The woman on the bed looked nothing like my aunt.
My Aunt Liz was a powerful, Christian woman with bright auburn hair, lively brown eyes and a radiant smile that was just as welcoming as her bottomless heart. The woman on the hospital bed was a shell, a fragile creature that barely contained a spark of life.
Not my aunt. Not by a long shot.
I had been named after her ( and she after her mother) but we shared more than just a name. We had a connection that would span forty two years. My aunt told me many stories of how she would kidnap me to take me for a ride in her convertible. As a toddler, I was just as comfortable with her as I was with my own mother.
My mother had been extremely close to my Aunt Liz. My mother had raised her when my grandmother died from complications in childbirth and my auntís respect for her went deep. When my mother came down with ovarian cancer in her mid thirties, my Aunt Liz drove 35 miles every week to sit at her side. My Aunt Liz had also been there when my mother released her last, soft breathe on that cold January night when I was a mere child of thirteen. And although my Aunt Liz grieved with the rest of my motherís siblings, she refused stand by and do nothing while her sisterís youngest child fought to understand why.
She took me into her home and raised me as one of her own.
I was never a ward. No, that was never my Auntís style. I was a part of their family. She was Liz and I was Lizzie, the daughter she always longed for but could never have. Moreover, I acquired two younger brothers of whom I quickly grew to love. Truly, those years were the best years of my life.
In her home, I learned to laugh again.
My aunt was there when my uncle interviewed my boyfriends, there to place a gold watch on my wrist when I graduated from high school and there when I vowed to love, honor, and cherish the man I had selected as my mate. She was my Lamaze coach and laughed when my first son waived his hand in the air instead of poking out his head and she continued to be there when my other two boys made their appearances in the world-always with a gift in hand. Every major moment of my life, my Aunt Liz was my constant cheerleader, doing what my mother was no longer able to do.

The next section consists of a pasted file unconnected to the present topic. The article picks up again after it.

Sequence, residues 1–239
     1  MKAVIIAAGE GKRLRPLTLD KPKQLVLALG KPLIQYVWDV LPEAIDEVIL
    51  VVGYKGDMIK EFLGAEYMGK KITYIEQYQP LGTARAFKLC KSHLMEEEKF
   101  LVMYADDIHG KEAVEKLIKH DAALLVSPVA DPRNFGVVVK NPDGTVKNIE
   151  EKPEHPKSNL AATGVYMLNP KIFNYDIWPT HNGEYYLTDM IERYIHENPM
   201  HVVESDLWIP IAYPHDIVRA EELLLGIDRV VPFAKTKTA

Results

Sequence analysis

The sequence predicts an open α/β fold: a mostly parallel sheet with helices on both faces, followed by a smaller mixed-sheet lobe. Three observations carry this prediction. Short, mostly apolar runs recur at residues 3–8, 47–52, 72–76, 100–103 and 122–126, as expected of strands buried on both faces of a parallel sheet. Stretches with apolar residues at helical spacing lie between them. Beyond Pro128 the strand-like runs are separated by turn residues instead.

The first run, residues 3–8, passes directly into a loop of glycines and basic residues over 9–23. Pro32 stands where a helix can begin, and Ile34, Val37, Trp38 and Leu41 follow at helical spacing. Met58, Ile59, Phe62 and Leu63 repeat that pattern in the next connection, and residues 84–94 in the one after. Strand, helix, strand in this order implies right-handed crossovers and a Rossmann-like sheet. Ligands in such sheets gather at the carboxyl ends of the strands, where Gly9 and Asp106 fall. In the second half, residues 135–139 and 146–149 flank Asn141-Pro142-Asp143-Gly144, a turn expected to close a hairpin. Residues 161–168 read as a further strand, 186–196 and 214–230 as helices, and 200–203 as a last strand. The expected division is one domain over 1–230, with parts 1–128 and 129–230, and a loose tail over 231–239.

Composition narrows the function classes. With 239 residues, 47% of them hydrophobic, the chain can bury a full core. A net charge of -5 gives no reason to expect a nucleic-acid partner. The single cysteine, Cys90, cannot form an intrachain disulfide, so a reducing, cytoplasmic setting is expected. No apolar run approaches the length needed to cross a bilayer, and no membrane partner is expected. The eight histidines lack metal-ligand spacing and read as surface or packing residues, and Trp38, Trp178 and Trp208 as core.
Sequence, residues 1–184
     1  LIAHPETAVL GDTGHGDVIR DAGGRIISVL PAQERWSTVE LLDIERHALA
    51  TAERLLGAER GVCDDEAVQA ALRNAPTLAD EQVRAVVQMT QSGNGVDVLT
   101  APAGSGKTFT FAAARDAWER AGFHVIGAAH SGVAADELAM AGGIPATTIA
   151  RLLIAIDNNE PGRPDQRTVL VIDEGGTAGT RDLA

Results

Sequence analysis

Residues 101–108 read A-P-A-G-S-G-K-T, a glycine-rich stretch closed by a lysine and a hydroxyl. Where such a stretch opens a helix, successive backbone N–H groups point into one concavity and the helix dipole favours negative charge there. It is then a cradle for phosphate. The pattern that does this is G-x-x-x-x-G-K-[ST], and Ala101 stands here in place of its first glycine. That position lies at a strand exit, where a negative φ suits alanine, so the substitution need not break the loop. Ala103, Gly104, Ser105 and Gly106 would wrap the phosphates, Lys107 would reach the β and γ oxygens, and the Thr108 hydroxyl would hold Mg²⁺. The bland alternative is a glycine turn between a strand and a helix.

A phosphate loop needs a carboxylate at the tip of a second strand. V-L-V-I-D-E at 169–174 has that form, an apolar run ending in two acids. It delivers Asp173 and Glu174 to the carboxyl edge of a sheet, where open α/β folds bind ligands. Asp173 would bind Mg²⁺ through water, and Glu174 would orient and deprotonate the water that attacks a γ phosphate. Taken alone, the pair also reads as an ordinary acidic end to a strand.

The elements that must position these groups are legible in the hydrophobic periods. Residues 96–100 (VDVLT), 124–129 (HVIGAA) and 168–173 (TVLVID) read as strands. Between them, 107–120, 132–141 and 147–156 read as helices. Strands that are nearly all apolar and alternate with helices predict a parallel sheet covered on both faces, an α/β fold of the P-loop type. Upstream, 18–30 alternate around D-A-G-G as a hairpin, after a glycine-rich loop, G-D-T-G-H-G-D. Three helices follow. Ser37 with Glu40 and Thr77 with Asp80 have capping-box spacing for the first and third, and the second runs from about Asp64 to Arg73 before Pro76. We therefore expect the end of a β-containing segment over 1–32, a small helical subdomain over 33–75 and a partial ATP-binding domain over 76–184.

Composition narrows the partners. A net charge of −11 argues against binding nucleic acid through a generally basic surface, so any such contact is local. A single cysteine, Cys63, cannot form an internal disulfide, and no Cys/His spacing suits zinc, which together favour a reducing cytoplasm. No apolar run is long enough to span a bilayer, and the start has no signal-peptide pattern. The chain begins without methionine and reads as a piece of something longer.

So, why couldnít cancer be satisfied with taking my mother? Why was it determined to steal my Aunt Liz as well?
I wish I knew the answer.
Proverbs 3:5 tells us to ďTrust in the Lord with all thine heart and lean not unto thine own understandingÖĒ (King James Version)
I never truly understood that scripture I until now. Reflecting on the nine year battle my Aunt had with this aggressive disease, I realize that God meant that there would be many struggles we would face in this short term we called ďlifeĒ and some of these trials would just not make sense. In spite of it, he merely asks that we trust in him and donít try to reason it all out. Some questions will never have a complete answer and we must continue to believe that God is in control even when it seems like our tiny world is unraveling at the seams.
Life is fleeting. Savor the moments when it is full because you never know when it will empty out and you will have to remind yourself of those days when you smiled and felt as if all was well and perfect.
Now, my position is simple: I will honor my auntís request and stay by my uncleís side as she asked me to do. He was her soul mate, the one who retired early to care for her, day after day. Always one to think of others, she wanted to make sure he wasnít alone after she was gone.
These days, I sit by my phone, dreading the call that will bring the news that she has passed on. In that moment, the cup that once was so full will drain for a season and be vacant.
However, I canít help but think that for forty two years, my cup overflowed.
To God be the glory.
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